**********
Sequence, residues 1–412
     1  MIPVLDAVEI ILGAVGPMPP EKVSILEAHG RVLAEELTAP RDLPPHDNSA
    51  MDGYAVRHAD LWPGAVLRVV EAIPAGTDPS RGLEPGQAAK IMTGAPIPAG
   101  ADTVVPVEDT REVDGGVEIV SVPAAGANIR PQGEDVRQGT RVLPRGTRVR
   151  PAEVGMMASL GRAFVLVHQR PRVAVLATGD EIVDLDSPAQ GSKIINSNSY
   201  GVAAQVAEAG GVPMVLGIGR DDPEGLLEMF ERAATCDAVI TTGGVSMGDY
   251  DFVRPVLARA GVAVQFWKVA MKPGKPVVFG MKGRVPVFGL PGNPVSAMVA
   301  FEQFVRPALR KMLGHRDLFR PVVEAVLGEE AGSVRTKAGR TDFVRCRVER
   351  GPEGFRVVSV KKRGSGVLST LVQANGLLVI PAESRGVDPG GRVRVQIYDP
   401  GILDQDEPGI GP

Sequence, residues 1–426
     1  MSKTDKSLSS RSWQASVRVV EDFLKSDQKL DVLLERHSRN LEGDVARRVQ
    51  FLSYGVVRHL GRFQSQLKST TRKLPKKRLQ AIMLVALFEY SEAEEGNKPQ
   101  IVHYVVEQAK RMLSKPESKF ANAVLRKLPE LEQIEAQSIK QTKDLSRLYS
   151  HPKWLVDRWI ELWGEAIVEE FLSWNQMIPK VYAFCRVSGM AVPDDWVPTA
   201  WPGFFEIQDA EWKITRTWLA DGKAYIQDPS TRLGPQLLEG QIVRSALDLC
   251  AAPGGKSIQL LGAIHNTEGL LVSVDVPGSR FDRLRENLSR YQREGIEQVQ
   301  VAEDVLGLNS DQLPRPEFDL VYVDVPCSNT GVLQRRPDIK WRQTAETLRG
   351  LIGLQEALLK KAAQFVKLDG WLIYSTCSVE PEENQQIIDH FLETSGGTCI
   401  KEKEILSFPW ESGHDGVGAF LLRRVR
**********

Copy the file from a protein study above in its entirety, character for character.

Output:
Sequence, residues 1–412
     1  MIPVLDAVEI ILGAVGPMPP EKVSILEAHG RVLAEELTAP RDLPPHDNSA
    51  MDGYAVRHAD LWPGAVLRVV EAIPAGTDPS RGLEPGQAAK IMTGAPIPAG
   101  ADTVVPVEDT REVDGGVEIV SVPAAGANIR PQGEDVRQGT RVLPRGTRVR
   151  PAEVGMMASL GRAFVLVHQR PRVAVLATGD EIVDLDSPAQ GSKIINSNSY
   201  GVAAQVAEAG GVPMVLGIGR DDPEGLLEMF ERAATCDAVI TTGGVSMGDY
   251  DFVRPVLARA GVAVQFWKVA MKPGKPVVFG MKGRVPVFGL PGNPVSAMVA
   301  FEQFVRPALR KMLGHRDLFR PVVEAVLGEE AGSVRTKAGR TDFVRCRVER
   351  GPEGFRVVSV KKRGSGVLST LVQANGLLVI PAESRGVDPG GRVRVQIYDP
   401  GILDQDEPGI GP

Sequence, residues 1–426
     1  MSKTDKSLSS RSWQASVRVV EDFLKSDQKL DVLLERHSRN LEGDVARRVQ
    51  FLSYGVVRHL GRFQSQLKST TRKLPKKRLQ AIMLVALFEY SEAEEGNKPQ
   101  IVHYVVEQAK RMLSKPESKF ANAVLRKLPE LEQIEAQSIK QTKDLSRLYS
   151  HPKWLVDRWI ELWGEAIVEE FLSWNQMIPK VYAFCRVSGM AVPDDWVPTA
   201  WPGFFEIQDA EWKITRTWLA DGKAYIQDPS TRLGPQLLEG QIVRSALDLC
   251  AAPGGKSIQL LGAIHNTEGL LVSVDVPGSR FDRLRENLSR YQREGIEQVQ
   301  VAEDVLGLNS DQLPRPEFDL VYVDVPCSNT GVLQRRPDIK WRQTAETLRG
   351  LIGLQEALLK KAAQFVKLDG WLIYSTCSVE PEENQQIIDH FLETSGGTCI
   401  KEKEILSFPW ESGHDGVGAF LLRRVR